Updated: October 16, 2019 10:06:18 pm
The Supreme Court on Wednesday asked the Centre to produce orders concerning the shutdown and detentions in Jammu and Kashmir, reported Bar and Bench.
The three-Judge Bench of Justices NV Ramana with R Subhash Reddy and BR Gavai was hearing a petition filed by Kashmir Times Editor Anuradha Bhasin challenging the restrictions placed on media and communications in the Valley.
The bench asked Solicitor General Tushar Mehta that why the orders concerning the imposition of restrictions in Jammu and Kashmir were not placed on record.
“Is it done purposefully?” the Court asked.
Mehta argued that the petition by Bhasin originally prayed only for the lifting of the curbs in the region. “The situation on the ground is changing gradually. The petitioner has now expanded the scope of the prayer to seek production of the orders also,” he argued.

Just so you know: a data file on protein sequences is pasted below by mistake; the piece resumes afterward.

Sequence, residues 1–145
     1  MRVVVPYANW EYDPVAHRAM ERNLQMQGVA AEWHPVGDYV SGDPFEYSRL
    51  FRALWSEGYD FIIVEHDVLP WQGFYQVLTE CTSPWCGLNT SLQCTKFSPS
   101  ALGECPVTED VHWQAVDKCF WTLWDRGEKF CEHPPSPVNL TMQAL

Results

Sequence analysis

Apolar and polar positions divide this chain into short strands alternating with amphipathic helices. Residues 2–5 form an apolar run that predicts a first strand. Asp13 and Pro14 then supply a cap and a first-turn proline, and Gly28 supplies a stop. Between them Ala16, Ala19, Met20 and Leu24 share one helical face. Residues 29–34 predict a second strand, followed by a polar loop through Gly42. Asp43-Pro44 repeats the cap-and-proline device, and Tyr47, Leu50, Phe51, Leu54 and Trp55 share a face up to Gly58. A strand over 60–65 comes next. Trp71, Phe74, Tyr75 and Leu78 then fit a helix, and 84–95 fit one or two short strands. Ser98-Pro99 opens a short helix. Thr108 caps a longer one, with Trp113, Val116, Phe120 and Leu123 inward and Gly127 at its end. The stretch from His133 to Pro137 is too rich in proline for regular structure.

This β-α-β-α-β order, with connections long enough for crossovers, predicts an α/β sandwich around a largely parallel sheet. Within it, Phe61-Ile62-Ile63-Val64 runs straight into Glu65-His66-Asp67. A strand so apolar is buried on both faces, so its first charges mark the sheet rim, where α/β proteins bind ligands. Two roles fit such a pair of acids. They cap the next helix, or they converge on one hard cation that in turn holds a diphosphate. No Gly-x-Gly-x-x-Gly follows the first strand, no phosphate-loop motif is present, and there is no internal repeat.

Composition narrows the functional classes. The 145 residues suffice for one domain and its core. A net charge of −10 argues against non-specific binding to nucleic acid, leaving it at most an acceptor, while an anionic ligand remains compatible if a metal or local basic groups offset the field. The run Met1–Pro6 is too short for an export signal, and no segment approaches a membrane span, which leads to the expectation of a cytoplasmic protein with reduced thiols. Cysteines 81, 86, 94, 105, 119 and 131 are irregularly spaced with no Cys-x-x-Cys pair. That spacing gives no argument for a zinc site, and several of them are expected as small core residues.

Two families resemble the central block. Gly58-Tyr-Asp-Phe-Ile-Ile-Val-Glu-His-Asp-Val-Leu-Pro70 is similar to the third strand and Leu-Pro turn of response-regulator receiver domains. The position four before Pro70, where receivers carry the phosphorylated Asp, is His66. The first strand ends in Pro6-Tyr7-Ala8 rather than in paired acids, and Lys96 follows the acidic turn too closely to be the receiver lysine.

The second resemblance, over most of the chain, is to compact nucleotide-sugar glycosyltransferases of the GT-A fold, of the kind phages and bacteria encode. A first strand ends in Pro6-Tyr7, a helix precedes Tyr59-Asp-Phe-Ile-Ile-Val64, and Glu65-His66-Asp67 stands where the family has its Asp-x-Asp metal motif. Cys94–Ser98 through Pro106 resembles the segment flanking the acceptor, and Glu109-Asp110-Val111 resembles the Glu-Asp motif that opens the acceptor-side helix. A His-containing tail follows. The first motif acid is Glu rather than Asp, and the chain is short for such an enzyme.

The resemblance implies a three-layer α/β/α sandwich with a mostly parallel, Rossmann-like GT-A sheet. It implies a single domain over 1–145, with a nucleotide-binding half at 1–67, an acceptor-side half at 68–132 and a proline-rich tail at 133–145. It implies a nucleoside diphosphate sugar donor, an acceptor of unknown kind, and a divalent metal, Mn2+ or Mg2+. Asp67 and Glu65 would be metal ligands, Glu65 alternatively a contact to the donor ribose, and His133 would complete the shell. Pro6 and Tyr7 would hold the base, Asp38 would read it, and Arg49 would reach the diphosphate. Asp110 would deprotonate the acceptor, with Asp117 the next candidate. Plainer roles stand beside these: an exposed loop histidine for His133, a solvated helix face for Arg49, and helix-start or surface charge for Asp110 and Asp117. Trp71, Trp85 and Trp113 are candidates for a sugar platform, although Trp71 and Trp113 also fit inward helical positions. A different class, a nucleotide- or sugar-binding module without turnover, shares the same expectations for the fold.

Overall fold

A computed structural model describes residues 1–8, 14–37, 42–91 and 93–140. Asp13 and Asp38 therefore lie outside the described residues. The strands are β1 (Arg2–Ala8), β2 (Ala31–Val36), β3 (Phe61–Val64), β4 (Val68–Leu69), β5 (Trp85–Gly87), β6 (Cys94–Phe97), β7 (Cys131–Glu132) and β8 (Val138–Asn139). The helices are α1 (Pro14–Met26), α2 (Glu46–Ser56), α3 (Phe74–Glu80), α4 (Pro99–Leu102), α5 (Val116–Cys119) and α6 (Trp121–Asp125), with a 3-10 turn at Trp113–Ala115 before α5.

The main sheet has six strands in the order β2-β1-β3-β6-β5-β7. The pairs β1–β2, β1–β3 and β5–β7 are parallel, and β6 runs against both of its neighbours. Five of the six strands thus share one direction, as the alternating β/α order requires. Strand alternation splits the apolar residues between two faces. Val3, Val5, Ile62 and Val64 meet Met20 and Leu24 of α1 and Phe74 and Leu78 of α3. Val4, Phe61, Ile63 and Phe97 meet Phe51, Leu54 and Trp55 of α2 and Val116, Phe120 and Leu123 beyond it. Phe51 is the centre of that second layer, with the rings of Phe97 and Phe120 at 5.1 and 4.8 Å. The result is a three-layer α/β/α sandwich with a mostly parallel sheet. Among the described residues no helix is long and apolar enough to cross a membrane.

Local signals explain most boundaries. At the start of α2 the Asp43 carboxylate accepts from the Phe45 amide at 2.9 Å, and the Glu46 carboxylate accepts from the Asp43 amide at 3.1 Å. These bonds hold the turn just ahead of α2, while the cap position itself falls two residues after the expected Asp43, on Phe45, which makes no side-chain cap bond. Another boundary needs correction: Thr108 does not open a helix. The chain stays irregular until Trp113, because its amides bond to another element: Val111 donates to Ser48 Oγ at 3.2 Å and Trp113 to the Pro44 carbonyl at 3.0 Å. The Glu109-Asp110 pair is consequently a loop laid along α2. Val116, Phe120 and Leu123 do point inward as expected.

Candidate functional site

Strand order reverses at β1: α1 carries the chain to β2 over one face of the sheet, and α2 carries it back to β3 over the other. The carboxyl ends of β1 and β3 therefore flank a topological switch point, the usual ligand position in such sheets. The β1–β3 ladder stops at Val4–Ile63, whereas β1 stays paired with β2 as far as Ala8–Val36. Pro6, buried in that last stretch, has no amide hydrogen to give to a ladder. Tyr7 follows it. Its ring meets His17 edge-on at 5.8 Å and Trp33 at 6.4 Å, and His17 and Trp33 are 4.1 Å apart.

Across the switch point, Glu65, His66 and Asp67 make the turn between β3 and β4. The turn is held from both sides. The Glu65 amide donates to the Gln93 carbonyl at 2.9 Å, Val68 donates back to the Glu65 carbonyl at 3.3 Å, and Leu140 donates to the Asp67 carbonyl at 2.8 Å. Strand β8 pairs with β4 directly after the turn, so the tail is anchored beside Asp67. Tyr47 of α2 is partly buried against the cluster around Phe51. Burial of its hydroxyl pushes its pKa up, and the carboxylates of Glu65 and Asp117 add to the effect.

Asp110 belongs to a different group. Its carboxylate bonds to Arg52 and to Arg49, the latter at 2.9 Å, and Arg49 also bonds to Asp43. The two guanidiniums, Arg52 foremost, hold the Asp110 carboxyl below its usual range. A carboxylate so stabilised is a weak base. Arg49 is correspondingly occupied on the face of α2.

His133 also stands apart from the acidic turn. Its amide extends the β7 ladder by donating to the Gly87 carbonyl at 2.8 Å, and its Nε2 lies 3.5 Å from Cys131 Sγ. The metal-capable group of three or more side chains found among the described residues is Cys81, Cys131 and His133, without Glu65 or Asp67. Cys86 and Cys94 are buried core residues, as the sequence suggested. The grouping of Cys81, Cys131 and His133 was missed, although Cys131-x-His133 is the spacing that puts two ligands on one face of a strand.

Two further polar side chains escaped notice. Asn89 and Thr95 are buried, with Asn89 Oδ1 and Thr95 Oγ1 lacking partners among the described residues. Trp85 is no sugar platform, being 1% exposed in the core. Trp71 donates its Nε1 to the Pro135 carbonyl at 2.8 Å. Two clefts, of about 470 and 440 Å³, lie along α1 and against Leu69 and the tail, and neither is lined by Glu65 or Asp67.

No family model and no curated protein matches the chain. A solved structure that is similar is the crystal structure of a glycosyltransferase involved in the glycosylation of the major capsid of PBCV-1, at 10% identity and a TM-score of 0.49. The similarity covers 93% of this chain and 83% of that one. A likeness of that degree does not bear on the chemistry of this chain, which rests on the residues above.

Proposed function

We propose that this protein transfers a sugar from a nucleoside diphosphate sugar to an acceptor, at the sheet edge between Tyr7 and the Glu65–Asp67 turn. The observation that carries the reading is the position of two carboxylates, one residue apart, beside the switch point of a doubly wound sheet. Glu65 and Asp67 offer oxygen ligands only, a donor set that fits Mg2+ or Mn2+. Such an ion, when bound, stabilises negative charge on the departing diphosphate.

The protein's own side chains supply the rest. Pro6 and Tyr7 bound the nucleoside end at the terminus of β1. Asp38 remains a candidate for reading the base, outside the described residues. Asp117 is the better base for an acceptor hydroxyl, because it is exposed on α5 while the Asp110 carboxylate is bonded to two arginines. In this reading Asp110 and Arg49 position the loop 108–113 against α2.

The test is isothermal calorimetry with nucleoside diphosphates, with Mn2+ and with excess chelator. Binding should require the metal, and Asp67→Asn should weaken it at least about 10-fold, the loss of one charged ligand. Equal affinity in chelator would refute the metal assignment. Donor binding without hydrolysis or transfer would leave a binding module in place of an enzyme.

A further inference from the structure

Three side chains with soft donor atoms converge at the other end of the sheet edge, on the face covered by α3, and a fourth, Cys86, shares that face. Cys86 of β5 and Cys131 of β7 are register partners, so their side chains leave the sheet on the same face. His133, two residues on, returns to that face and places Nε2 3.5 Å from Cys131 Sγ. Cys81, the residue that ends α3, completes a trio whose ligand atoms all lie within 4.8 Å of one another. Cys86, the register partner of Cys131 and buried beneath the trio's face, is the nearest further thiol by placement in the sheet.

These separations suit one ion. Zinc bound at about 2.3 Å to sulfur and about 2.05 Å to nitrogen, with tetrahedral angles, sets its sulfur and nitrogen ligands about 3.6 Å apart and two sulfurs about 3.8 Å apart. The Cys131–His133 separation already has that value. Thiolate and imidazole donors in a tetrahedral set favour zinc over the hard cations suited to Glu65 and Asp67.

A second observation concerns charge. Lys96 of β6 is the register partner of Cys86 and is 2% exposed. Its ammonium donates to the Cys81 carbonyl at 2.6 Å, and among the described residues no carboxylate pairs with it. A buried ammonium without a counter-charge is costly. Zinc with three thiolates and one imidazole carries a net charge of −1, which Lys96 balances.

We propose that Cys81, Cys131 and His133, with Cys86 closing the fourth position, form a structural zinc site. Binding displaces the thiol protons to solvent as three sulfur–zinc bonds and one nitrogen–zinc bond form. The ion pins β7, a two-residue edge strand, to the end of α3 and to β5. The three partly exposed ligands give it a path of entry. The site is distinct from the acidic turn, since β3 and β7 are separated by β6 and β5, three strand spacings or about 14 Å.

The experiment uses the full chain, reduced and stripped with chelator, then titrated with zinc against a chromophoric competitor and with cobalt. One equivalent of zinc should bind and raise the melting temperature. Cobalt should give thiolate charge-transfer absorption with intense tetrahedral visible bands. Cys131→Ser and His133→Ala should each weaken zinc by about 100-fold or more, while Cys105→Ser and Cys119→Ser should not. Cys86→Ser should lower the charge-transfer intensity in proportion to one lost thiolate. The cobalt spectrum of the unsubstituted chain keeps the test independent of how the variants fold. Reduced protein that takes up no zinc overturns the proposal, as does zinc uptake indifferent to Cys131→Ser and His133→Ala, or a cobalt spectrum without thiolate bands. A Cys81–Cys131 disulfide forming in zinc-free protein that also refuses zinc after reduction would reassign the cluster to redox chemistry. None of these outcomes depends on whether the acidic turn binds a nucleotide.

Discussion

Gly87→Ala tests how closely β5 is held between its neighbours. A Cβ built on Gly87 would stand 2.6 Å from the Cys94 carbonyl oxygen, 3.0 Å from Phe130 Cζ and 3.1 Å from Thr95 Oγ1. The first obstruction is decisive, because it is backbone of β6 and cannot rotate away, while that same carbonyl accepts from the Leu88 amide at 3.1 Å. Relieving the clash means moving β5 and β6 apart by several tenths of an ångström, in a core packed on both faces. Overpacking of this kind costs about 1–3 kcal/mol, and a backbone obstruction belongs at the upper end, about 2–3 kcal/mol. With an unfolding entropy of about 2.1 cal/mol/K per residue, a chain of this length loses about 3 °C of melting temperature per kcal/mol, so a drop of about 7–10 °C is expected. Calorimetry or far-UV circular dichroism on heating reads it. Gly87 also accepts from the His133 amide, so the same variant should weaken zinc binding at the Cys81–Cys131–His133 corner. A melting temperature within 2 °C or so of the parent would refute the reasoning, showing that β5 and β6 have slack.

Advocate Vrinda Grover, arguing for the Kashmir Times editor, objected to this submission to say that the petition seeks production of these orders as the first point of prayer so that the validity of the decisions can be examined. The court acknowledged and agreed with Grover’s submission on this.
Solicitor General Mehta, however, said, “We will place on record these orders but nobody can seek an appeal on executive orders concerning the national security, especially not the petitioners.”
The bench then said that if the Centre wished to not divulge reasons for not placing any order on record, an affidavit detailing the reasons is to be filed. The court will hear the matter next on October 25.
During the hearing, Mehta told the court that a rejoinder was filed by the Centre when the matter was taken up last time. Grover told the court that the government’s rejoinder still had not touched upon the orders imposing restrictions. This point was raised in the counter affidavit filed by Bhasin some days ago, she argued.
Restrictions were imposed on public movement and communications in Jammu and Kashmir on August 4, a day before the Centre revoked the state’s special status under Article 370. The administration said the restrictions were important to prevent law and order problems and curb terrorist activity.
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